Toward Creating an Autochrome Demonstrator for Museums


This report outlines the development process of an Autochrome Demonstrator designed for display in museums. The project aims to serve as an educational tool for discovering and appreciating early colour photography using the Autochrome technique. An integral aspect of the Demonstrator involves the utilization of artificial intelligence to digitally restore Autochromes, enabling viewers to distinguish between original and generated materials. Through this endeavor, we aim to stimulate dialogue surrounding the use of AI in cultural heritage preservation.

Fig. 1. The image shows the parts of an Autochrome plate along with the complete process of exposing and developing an Autochrome. [Adapted from Casella & Tsukada (2012)]

The Autochrome Technique

The Autochrome, pioneered by the Lumière brothers in the early 20th century, represents a significant advancement in color photography. This innovative process allowed photographers to capture and reproduce images in color for the first time, revolutionizing visual storytelling and documentation of the world around them.

The fabrication of Autochrome plates involved the meticulous assembly of two glass plates. One plate was coated with a light-sensitive emulsion, while the other was layered with dyed potato starch grains serving as color filters. The careful alignment of these plates enabled the recording of color information during exposure.

Fig. 2: The Plate Holder Mock-up: A component designed to securely hold and to ensure stability and alignment of the plates within the Autochrome Demonstrator, allowing for accurate alignment for viewing.

The Autochrome Demonstrator

The Autochrome Demonstrator is a multifaceted device designed to showcase the historical significance and intricate beauty of Autochrome plates. It serves as both an educational tool and a visual experience, offering hands-on interaction with Autochrome images. The Demonstrator incorporates several key components, including:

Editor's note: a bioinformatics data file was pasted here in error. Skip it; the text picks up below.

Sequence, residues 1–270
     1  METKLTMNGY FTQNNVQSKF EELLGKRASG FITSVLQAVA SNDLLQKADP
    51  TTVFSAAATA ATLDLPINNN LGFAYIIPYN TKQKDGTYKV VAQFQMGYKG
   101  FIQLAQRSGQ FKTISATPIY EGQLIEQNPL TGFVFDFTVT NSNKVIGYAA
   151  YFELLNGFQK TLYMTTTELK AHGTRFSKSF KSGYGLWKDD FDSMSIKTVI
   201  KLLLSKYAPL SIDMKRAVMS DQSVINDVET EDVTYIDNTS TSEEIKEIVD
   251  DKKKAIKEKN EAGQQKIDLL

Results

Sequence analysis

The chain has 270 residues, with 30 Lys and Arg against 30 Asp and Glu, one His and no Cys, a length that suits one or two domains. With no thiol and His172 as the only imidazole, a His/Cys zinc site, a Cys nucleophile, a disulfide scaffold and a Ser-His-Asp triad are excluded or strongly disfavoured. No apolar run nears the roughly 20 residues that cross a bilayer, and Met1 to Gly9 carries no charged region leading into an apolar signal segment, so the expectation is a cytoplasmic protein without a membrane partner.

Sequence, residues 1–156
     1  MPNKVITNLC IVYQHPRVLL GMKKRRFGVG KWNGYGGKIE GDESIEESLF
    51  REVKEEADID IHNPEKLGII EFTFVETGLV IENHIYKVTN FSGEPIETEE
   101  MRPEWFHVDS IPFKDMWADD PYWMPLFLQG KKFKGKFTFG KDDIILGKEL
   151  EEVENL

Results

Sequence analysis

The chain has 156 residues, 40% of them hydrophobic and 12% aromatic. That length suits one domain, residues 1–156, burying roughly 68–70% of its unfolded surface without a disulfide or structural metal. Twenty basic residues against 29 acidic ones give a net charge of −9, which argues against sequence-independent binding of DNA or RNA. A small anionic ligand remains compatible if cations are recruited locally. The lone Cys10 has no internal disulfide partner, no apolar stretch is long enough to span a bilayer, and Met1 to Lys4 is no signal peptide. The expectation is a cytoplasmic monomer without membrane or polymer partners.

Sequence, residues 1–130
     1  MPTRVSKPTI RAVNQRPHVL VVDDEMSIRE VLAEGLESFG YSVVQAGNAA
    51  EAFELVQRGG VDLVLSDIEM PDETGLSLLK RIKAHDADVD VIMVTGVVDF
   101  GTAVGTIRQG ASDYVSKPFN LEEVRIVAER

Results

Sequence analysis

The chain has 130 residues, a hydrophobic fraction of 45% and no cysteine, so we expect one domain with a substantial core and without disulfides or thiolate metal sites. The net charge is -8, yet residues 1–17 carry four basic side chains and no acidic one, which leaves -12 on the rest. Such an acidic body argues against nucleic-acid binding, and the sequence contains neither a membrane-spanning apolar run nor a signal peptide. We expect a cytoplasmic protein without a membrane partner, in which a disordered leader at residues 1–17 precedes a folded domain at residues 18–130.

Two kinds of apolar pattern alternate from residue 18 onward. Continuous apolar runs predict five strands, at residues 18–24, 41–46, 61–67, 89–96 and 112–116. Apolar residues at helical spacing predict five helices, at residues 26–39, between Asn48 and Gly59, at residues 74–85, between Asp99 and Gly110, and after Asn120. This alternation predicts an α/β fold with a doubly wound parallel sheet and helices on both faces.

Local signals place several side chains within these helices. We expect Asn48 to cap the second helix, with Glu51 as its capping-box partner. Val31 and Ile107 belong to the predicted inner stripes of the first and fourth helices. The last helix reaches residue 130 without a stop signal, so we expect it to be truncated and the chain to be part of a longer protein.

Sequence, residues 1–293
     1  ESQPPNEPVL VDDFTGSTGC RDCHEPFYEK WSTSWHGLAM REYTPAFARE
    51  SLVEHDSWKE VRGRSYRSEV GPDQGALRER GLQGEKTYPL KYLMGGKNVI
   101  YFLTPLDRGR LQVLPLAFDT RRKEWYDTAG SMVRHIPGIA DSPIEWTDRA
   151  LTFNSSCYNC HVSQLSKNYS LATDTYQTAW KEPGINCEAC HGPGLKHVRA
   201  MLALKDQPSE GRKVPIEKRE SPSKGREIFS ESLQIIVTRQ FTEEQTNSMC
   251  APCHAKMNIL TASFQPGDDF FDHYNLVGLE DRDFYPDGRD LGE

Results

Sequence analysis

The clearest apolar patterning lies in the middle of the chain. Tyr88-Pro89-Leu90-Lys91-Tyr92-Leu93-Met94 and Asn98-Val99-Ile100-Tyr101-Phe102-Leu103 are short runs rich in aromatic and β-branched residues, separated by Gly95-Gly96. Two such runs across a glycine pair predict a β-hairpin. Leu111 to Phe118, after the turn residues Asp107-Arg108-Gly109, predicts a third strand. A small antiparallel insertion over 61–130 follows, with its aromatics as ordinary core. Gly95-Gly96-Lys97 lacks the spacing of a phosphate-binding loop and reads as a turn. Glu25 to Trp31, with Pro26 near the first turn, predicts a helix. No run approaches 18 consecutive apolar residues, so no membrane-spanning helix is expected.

1. Lightbox: Provides uniform illumination for optimal viewing of Autochrome plates.
  2. Plate Holder: Ensures secure positioning and alignment of plates within the Demonstrator.
  3. Ocular Occluder: Regulates viewing conditions by controlling light entry through a system of pinholes.
  4. Telescoper: Magnifies Autochrome originals by 300X, enhancing visibility of color particles in the plate.

Introducing the Autochrome Demonstrator into museum setting offers the public a unique opportunity to juxtapose digitally restored images with their authentic counterparts. Viewers can examine intricate details of both original Autochrome plates and digitally restored elements, gaining deeper insights into the restoration process using AI and its impact on cultural heritage preservation.


The Autochrome Demonstrator stands as a tribute to the historic significance and technical intricacies of Autochrome photography. Through its meticulous design and thoughtful method of exhibiting Autochromes, it provides a comprehensive exploration of this historic photographic technique, enriching the understanding of early color photography for enthusiasts and scholars alike.

Fig. 3: The Ocular Occluder Mock-up. This is the component used on the Demonstrator to control the viewing conditions. It uses a system of pinholes to regulate the amount of light entering the eye, which in turn enhances the viewing experience.

The above text offers a glimpse into the evolution of the Autochrome Demonstrator project and its potential to transform the museum experience, bridging the gap between past and present through the lens of innovative technology and cultural heritage preservation.

Fig. 4: The Telescoper Mock-up . This side of the Autochrome Demonstrator is responsible for magnifying the Autochrome original so that the viewer can zoom into the image and see the colour mosaic and see how the colour components behind the additive colour process.



Pinhole Occluder. Retrived April 2024, from [],
Pinhole Glasses, Retrived April 2024, from [],
Dilation Geometry. Retrived March 2024, from []
Similarity [, accessed in March 2024],
Wood Trim Molding Profile Pictures [, accessed in February 2024],
Autochrome. (n.d.). Victoria and Albert Museum. Retrieved January 2024, from []


Clay, A., Trumpy, G., Wetzel, R., & Weinstein, M. (2023). Poster: Prototyping Care: Two Case Studies. In A. Bucciero, B. Fanini, H. Graf, S. Pescarin, & S. Rizvic (Eds.), EUROGRAPHICS Workshop on Graphics and Cultural Heritage Proceedings.

Prepared by: Arthur Clay, HSLU; Chiara Gemma Fedon, HSLU